Predictive analysis and optimisation of pipelined wavefront applications using reusable analytic models
Mudalige, Gihan Ravideva (2009) Predictive analysis and optimisation of pipelined wavefront applications using reusable analytic models. PhD thesis, University of Warwick.
WRAP_THESIS_Mudalige_2009.pdf - Requires a PDF viewer such as GSview, Xpdf or Adobe Acrobat Reader
Official URL: http://webcat.warwick.ac.uk/record=b2339758~S15
Pipelined wavefront computations are an ubiquitous class of high performance parallel algorithms used for the solution of many scientific and engineering applications. In order to aid the design and optimisation of these applications, and to ensure that during procurement platforms are chosen best suited to these codes, there has been considerable research in analysing and evaluating their operational performance. Wavefront codes exhibit complex computation, communication, synchronisation patterns, and as a result there exist a large variety of such codes and possible optimisations. The problem is compounded by each new generation of high performance computing system, which has often introduced a previously unexplored architectural trait, requiring previous performance models to be rewritten and reevaluated. In this thesis, we address the performance modelling and optimisation of this class of application, as a whole. This differs from previous studies in which bespoke models are applied to specific applications. The analytic performance models are generalised and reusable, and we demonstrate their application to the predictive analysis and optimisation of pipelined wavefront computations running on modern high performance computing systems. The performance model is based on the LogGP parameterisation, and uses a small number of input parameters to specify the particular behaviour of most wavefront codes. The new parameters and model equations capture the key structural and behavioural differences among different wavefront application codes, providing a succinct summary of the operations for each application and insights into alternative wavefront application design. The models are applied to three industry-strength wavefront codes and are validated on several systems including a Cray XT3/XT4 and an InfiniBand commodity cluster. Model predictions show high quantitative accuracy (less than 20% error) for all high performance configurations and excellent qualitative accuracy. The thesis presents applications, projections and insights for optimisations using the model, which show the utility of reusable analytic models for performance engineering of high performance computing codes. In particular, we demonstrate the use of the model for: (1) evaluating application configuration and resulting performance; (2) evaluating hardware platform issues including platform sizing, configuration; (3) exploring hardware platform design alternatives and system procurement and, (4) considering possible code and algorithmic optimisations.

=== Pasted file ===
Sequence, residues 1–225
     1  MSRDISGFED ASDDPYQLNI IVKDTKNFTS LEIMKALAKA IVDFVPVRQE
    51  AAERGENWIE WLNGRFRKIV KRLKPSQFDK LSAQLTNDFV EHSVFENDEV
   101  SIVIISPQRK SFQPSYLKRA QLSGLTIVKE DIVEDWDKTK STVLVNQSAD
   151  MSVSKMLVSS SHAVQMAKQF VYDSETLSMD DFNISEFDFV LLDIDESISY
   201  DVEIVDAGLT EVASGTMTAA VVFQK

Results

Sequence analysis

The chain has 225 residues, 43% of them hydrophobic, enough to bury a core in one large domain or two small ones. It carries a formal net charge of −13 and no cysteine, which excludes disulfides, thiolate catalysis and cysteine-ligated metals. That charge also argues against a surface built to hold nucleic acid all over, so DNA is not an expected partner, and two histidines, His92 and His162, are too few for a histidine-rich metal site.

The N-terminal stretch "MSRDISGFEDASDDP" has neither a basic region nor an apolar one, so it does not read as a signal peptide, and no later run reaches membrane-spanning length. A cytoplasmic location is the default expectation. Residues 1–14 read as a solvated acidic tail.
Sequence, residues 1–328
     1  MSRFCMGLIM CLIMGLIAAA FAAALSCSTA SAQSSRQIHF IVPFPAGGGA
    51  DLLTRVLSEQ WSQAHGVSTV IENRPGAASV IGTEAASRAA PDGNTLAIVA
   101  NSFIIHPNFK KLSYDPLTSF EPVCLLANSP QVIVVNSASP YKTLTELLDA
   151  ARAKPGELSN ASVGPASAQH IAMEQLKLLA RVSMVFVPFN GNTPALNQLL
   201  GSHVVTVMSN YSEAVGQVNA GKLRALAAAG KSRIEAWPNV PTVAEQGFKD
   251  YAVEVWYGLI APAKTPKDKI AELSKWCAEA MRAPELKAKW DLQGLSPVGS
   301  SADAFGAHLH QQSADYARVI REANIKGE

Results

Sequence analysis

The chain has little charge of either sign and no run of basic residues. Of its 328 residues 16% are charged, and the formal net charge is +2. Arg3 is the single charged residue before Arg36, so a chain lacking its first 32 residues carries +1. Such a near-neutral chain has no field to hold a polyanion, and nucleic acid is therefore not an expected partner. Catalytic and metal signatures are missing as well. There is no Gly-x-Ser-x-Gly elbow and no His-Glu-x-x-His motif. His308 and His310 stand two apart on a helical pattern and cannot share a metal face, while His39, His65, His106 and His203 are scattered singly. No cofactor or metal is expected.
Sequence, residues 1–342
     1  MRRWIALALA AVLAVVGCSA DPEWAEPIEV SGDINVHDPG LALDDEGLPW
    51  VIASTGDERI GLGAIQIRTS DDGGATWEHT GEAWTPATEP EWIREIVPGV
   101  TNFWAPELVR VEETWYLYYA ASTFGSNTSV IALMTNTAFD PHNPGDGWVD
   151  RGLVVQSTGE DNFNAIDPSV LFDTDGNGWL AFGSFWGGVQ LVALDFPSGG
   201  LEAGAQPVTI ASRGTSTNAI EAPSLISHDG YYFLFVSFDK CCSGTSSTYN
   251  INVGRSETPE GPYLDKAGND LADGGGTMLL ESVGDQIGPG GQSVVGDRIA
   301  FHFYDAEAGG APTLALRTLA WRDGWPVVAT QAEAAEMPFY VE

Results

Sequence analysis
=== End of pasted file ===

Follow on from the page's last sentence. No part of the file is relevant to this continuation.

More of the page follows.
|Item Type:||Thesis or Dissertation (PhD)|
|Subjects:||Q Science > QA Mathematics > QA76 Electronic computers. Computer science. Computer software|
|Library of Congress Subject Headings (LCSH):||Holography, Parallel algorithms, Program transformation (Computer programming), Parallel processing (Electronic computers)|
|Institution:||University of Warwick|
|Theses Department:||Department of Computer Science|
|Supervisor(s)/Advisor:||Jarvis, Stephen ; Vernon, Mary ; Spooner, Daniel Peter|
|Extent:||xx, 157 leaves : ill., charts|
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